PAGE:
Structure and function of epigenetic reader domains
Dr. Glass obtained her B.S. in Microbiology from the University of Massachusetts, Amherst, MA in 1999. She then gained her Ph.D. in Microbiology & Molecular Genetics from UVM in 2005 before becoming a Postdoctoral Researcher at the University of California, Santa Cruz, CA with Dr. Harry Noller (2005-2006). After her California postdoc, she worked as a NIH Postdoctoral Fellow at University of Colorado, Denver, CO with Dr. Tatiana Kutateladze (2006-2010) before coming to the Albany College of Pharmacy and Health Sciences as an Assistant Professor in Pharmaceutical Science in 2010. In 2011, she became an Adjunct Assistant Professor in Biochemistry at UVM and recently joined the CMB program faculty.
The human genome is compacted into chromatin, allowing nearly three meters of DNA to fit into the small volume of the nucleus. Chromatin is composed of DNA and histone proteins, and this DNA-protein complex is the template for a number of essential cellular processes. For example, DNA transcription, replication and repair are regulated by the spatial organization of chromatin throughout the cell cycle, which can be manipulated by chromatin remodelers that alter specific chemical modifications on the histones and DNA. Understanding the role of chromatin remodeling proteins in transcriptional control is important as deregulation of gene expression (due to mutation or overexpression) can contribute to disease progression.
The Glass laboratory investigates how epigenetic mechanisms regulate diverse cellular activities. High field Nuclear Magnetic Resonance (NMR) spectroscopy, X-ray crystallography, and biochemical and molecular biology approaches are utilized determine the three-dimensional structures and functions of chromatin binding proteins implicated in human diseases such as leukemia, heart disease and cancer. Ultimately, these studies will lead to the identification of new therapeutic targets, more specific treatment strategies, and better overall outcomes for patients.
The current focus of the lab is to:
1) Determine the role of the BRPF1 bromodomain in regulating the MOZ histone acetyltransferase in leukemogenesis.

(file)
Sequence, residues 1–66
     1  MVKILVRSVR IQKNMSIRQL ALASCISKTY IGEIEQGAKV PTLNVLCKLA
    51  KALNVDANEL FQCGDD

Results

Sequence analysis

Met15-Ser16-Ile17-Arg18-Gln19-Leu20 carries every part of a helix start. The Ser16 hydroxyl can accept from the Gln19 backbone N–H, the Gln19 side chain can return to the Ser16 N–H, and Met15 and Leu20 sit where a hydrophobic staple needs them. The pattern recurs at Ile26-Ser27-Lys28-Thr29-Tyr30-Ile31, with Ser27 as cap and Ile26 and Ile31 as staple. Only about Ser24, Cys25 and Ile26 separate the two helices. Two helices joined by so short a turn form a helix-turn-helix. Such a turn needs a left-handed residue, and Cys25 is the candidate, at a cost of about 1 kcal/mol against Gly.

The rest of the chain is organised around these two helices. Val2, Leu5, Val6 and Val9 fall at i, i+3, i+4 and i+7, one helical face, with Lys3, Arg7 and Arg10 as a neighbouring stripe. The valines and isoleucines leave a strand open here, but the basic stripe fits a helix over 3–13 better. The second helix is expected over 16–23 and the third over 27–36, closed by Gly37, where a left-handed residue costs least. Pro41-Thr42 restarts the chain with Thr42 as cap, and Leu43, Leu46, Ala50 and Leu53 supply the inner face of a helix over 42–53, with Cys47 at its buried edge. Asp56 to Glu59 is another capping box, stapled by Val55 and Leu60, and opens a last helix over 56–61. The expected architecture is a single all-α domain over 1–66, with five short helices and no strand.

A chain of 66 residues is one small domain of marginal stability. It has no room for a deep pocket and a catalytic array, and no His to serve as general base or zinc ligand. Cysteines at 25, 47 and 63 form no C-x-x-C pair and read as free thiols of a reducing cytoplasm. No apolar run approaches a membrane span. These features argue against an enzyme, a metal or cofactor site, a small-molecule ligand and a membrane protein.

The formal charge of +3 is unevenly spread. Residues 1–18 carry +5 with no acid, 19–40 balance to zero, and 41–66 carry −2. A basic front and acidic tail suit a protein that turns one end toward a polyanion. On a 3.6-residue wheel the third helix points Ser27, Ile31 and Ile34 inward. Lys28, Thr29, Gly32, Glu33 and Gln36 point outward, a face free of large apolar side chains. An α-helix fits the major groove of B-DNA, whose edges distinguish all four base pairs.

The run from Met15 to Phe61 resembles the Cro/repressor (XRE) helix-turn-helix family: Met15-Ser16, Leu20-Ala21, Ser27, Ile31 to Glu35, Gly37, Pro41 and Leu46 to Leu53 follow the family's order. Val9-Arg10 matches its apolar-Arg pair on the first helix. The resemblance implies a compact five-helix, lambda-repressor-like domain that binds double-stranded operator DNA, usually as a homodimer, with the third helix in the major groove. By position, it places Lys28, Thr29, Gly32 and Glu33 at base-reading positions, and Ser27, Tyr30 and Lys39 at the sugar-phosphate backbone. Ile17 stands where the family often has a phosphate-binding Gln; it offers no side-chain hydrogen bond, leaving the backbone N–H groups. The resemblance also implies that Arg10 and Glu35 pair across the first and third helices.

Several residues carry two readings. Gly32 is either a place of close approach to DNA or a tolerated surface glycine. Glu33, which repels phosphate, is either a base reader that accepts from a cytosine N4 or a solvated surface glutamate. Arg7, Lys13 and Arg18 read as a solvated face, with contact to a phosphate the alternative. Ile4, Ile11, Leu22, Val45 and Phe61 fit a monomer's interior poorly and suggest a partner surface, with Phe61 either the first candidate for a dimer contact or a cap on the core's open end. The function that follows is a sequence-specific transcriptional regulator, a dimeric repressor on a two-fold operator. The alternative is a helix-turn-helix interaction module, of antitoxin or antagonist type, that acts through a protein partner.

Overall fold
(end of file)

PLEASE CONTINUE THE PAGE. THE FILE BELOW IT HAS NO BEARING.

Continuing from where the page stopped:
2) Characterize how MOZ interacts with RUNX1 in live cells to carry out its function, and identify genes it controls in normal blood cell development versus in the diseased state.
3) Establish how ING PHD finger domains interact specifically with the unmodified and modified histone H3 tail, and understand how mutations in these tumor suppressor proteins are linked to cancer.
Lubula MY, Eckenroth BE, Carlson S, Poplawski A, Chruszcz M, and Glass KC (2014) Structural insights into recognition of acetylated histone ligands by the BRPF1 bromodomain. FEBS Lett, Accepted for publication on 9/16/14.
Hassan HE, Carlson S, Abdallah I, Buttolph T, Glass KC, Fandy TE. (2014) Curcumin and Dimethoxycurcumin Induced Epigenetic Changes in Leukemia Cells. Pharm Res, epub ahead of print. PMID: 25186441
Lubula M, Poplawski A and Glass KC (2014) Crystallization and preliminary X-ray diffraction analysis of the BRPF1 bromodomain in complex with its H2AK5ac and H4K12ac histone peptide ligands. Acta Cryst. F70, doi:10.1107/S2053230X14018433
Carlson S and Glass KC. (2014) The MOZ Histone Acetyltransferase in Epigenetic Signaling and Disease. J. Cell. Physiol. Nov;229(11):1571-4. doi: 10.1002/jcp.24617. [Epub ahead of print]. PMID: 24633655
Poplawski A, Hu K, Lee W, Natesan S, Peng D, Carlson S, Shi X, Balaz S, Markley JL, Glass KC. (2014) Molecular Insights into the Recognition of N-Terminal Histone Modifications by the BRPF1 Bromodomain. J Mol Biol 426: 1661-1676. PMID: 24333487
Lalonde ME, Glass KC, Avakumov N, Joncas FH, Saksouk N, Paquet E, Holliday M, Tan S, Yang XJ, Kutateladze TG and CÃ´tÃ© J. (2013) Exchange of associated factors directs a switch in HBO1 acetyltransferase histone tail specificity. Genes Dev. Sep 15;27(18):2009-24. PMID: 24065767
* indicates equal contribution
Department of Biochemistry
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